Castor oil - picture by Pete Markham from Loretto, USA

Castor oil – picture by Pete Markham from Loretto, USA. This bottle is from the light-keepers house at Split Rock Lighthouse in Minnesota.

There are internal uses for castor oil, but I wouldn’t necessarily suggest them simply because this isn’t a gentle plant – it’s a kick in the pants (literally).  Castor oil taken internally is a laxative strong enough not only to induce bowel cramping and diarrhea, but even to induce labor contractions in pregnant women.  I actually used it to induce labor for myself recently and I can honestly say the castor-oil cramps were almost as bad as the labor pains. Eek!   Not a lot of fun, but if you’re impatiently waiting for a baby it does work. The reaction is so strong that castor oil is even reputed to have been used by fascist mobs in Italy in the 1920s as a form of intimidation (I would be intimidated).  Essentially these mobs would force feed their victims castor oil and turn them lose to have an agonizing and embarrassing bout of violent diarrhea. This, I suppose, made the victims then comply with whatever it was the fascist mob wanted in the first place. Ummm… Yeah. So don’t use it like that please.




While I’m obviously not a big fan of internal use in all but the most dire circumstances, topical use of castor oil is a miracle strong enough to make it a necessary part of every medicine cabinet.   The uses for topical castor oil are threefold:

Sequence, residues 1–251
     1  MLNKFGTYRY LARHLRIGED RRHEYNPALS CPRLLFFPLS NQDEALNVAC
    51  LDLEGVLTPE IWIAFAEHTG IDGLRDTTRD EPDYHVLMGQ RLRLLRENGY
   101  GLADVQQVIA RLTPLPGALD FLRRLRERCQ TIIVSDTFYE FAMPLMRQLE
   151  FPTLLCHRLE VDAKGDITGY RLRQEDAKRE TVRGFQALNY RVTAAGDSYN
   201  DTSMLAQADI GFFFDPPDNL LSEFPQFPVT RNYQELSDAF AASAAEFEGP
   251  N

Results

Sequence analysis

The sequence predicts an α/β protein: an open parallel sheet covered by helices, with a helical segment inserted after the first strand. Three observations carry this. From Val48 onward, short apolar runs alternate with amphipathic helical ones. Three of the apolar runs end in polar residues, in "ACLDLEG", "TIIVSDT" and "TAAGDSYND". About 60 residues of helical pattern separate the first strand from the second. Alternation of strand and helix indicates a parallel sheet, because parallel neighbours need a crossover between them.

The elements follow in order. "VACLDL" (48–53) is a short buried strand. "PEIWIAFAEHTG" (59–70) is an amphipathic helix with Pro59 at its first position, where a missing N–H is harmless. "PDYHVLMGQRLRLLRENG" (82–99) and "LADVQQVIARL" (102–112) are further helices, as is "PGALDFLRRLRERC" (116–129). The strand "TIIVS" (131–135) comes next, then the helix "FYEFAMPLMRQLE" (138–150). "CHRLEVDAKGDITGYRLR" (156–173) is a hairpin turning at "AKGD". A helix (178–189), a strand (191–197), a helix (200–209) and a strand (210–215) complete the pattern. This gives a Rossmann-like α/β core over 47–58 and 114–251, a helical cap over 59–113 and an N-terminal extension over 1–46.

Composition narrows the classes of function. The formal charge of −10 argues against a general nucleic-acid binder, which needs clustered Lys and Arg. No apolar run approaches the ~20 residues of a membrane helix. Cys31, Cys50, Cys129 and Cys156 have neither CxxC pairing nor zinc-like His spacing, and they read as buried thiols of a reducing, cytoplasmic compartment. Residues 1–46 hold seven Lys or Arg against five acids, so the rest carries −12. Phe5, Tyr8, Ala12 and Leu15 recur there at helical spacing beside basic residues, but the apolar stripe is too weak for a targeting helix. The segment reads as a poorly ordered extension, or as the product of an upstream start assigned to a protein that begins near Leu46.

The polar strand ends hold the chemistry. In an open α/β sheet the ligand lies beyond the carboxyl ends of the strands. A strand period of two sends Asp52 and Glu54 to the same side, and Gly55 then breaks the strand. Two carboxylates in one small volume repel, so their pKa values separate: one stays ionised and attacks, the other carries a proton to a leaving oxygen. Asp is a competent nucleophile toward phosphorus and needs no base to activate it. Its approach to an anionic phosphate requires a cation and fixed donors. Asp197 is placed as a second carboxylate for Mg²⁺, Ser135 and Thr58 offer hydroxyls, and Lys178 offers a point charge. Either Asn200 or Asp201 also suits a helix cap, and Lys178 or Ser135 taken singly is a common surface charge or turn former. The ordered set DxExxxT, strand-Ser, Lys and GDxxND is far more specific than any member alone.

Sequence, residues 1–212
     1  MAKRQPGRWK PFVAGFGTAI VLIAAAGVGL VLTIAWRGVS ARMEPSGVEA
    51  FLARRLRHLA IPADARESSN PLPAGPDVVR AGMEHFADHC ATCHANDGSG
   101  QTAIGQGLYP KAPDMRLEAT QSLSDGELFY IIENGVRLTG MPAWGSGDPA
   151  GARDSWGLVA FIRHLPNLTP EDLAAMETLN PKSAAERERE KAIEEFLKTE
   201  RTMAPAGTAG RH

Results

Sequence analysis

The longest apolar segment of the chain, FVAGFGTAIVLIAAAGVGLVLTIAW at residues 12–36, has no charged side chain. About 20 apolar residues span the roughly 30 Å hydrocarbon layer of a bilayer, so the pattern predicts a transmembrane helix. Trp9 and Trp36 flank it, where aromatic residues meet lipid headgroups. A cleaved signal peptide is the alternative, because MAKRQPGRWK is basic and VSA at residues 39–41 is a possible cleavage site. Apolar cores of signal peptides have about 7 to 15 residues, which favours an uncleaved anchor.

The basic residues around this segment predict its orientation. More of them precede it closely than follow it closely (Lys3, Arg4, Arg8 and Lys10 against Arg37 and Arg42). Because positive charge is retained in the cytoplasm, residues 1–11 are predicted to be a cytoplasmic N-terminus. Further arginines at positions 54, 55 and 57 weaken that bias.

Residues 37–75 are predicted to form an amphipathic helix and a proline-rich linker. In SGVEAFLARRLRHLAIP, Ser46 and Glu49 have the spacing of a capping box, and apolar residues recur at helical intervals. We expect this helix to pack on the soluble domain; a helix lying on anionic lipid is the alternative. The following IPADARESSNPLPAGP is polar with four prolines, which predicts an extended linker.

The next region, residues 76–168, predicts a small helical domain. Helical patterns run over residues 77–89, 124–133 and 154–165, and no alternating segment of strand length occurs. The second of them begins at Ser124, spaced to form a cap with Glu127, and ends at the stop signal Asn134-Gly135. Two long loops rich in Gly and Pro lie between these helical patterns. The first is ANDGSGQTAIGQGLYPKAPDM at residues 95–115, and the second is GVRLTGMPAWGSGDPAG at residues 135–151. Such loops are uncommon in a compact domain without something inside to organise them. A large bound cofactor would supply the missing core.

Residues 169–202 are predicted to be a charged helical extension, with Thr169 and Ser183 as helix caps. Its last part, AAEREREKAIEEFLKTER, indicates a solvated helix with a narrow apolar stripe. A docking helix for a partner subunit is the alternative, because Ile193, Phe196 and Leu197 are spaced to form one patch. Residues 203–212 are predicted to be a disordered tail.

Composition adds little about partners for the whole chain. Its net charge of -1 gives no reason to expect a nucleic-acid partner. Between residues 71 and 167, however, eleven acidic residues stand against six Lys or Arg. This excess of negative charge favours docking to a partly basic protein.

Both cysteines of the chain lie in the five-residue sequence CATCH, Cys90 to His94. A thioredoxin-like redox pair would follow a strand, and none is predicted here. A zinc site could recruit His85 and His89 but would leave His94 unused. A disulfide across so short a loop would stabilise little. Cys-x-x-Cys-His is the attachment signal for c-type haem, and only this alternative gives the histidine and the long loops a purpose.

1. Digestive – Castor oil over the liver and abdomen helps to treat constipation, inflammatory bowel, liver congestion, gall bladder disease, bowel adhesions, lymphatic congestion, hepatitis, liver cirrhosis and  even infections in pelvic organs such as bladder and vaginal tract. For anyone looking to cleanse the liver or eliminate gallbladder sludge, this is a necessary.
  2. Skin – Topically castor oil can help with bacterial or fungal skin infections, rashes, acne, boils, abscesses, age spots, sebaceous cysts, warts, preventing stretch marks, ringworm, skin keratosis, swollen lymph nodes and eczema. It takes redness out of rashes through a strong anti-inflammatory action and softens even the most resistant skin, so it’s also a great natural beauty tool.
  3. Pain – Topical castor oil can also be used to mitigate or relieve internal pain and inflammation from many causes.  This includes uterine cramping and abdominal pain related to the menses, joint pain and inflammation from arthritis, bursitis or tendinitis, muscle and ligament sprains, pain due to fluid retention in extremities, painful lymph nodes, even pain from appendicitis (although you still need to get to the ER post haste)